|Vol.7, No.45, 6.12.01, p9
THE European Commission is planning a new international drive to crack down on the illegal trade in timber from rainforests and jungles.
News of the plans emerged after a meeting between EU officials and environmental campaigners, including a Greenpeace activist who has received repeated death threats for exposing illegal loggers in his native Brazil.
Paulo Adario, who is living under 24-hour armed protection, travelled to Brussels to urge the officials from the Commission's trade, environment and agriculture departments to take action against imports of illegal rainforest timber.
There would be progress "within six months", an EU official said after the meeting, where a coalition of green NGOs presented evidence of illegal logging in South America, Africa and Indonesia.
But the EU executive is resisting the pressure for immediate trade measures, saying that a ban could break World Trade Organisation (WTO) rules. A Commission working document produced for the meeting states that "all attempts to reduce illegal logging must be carried out with the agreement and support from exporter countries".
"What's legal or illegal depends on [Brazil's] national rules," said the same official. "It's not our role to say what should or shouldn't be illegal in third countries."
Instead he said the EU is drafting plans for a multilateral agreement that could eventually pave the way for trade measures against countries refusing to comply.
The response has angered environmentalists, who warn that Brazil's Amazon forest will be destroyed within five to ten years by logging at the current rate of 30 million cubic metres a year. "If you start with a multilateral approach governments like Brazil and Malaysia will just block everything," said Saskia Ozinga of the World Rainforest Movement.
Ozinga highlighted last month's decision by the WTO appeals body to uphold a US ban on shrimps caught with nets that kill giant turtles. "This shows that it's simply incorrect to say international trade rules prevent us from taking immediate action," she said.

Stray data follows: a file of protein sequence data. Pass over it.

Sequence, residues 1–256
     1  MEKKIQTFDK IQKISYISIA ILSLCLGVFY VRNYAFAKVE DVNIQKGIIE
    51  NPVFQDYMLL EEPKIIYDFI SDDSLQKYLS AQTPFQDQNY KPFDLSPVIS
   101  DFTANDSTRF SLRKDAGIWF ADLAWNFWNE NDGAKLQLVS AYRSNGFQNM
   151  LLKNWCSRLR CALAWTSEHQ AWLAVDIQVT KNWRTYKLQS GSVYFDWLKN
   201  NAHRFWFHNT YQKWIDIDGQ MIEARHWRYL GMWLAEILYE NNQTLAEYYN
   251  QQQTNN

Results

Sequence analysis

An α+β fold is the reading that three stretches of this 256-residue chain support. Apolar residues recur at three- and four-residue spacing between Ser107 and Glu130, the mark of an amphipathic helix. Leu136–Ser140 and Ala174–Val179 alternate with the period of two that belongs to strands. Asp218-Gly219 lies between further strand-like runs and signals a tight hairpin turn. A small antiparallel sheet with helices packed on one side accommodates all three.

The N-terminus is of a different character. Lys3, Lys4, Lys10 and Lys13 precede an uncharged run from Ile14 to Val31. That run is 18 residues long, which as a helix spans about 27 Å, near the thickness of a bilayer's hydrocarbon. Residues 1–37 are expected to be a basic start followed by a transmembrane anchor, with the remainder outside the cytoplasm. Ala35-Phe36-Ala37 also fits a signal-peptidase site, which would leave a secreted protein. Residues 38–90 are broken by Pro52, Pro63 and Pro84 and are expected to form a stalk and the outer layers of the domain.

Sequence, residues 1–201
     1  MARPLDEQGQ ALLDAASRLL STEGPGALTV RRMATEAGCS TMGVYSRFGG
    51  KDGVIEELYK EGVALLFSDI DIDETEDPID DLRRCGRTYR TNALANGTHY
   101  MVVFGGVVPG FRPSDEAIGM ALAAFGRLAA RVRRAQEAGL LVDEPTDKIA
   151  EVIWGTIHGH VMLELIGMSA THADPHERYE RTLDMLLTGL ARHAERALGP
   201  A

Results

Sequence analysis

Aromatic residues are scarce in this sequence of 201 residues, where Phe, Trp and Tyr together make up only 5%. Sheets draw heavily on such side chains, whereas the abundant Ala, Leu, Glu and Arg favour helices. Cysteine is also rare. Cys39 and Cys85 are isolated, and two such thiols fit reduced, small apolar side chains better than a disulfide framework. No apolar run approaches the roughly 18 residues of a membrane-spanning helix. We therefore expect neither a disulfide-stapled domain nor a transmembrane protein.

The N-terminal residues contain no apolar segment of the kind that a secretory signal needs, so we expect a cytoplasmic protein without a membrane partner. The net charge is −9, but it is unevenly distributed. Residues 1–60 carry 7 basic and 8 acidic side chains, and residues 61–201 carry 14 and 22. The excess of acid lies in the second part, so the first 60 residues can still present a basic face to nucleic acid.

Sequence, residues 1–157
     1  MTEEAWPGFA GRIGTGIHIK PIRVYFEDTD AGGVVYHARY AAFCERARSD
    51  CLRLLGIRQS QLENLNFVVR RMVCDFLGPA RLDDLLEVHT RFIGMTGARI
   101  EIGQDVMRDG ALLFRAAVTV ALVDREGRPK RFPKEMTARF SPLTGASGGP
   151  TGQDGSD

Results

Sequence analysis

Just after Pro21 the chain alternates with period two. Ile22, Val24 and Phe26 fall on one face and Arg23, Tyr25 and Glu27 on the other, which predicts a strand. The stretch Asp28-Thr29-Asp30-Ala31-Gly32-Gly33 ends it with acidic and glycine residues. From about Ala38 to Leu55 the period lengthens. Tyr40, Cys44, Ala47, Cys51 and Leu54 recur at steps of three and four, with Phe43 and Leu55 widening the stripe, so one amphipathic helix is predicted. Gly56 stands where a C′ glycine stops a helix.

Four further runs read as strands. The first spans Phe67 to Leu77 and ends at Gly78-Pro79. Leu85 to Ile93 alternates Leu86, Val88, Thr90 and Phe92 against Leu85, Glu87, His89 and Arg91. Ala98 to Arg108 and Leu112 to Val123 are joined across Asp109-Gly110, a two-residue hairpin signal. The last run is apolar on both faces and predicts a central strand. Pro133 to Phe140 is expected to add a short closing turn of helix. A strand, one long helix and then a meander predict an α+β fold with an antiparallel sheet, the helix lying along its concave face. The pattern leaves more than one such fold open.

The EU currently receives around a quarter of Brazil's exports of valuable hardwoods such as mahogany, already monitored under the UN's Convention on International Trade in Endangered Species (CITES). Illegal logging accounts for 80 of the country's entire timber production, and those who stand in its way are routinely exposed to violence and intimidation, as Paulo Adario knows all too well.
His first death threat arrived earlier this year, just five days after he and other Greenpeace campaigners had delivered film of illegal loggers working in protected Indian reserves to the federal prosecutor.
"Someone phoned my house saying that I deserved to die and I would die," Adario said. "For three nights after that there were cars driving past with people inside them holding guns." Since then, he has been under the constant protection of two armed guards.
A Brazilian parliamentary report last month showed that 23 people have been murdered in conflicts over forestry this year, and 73 have received death threats in Para, the worst affected province.
The European Commission is planning a new international drive to crack down on the illegal trade in timber from rainforests and jungles.
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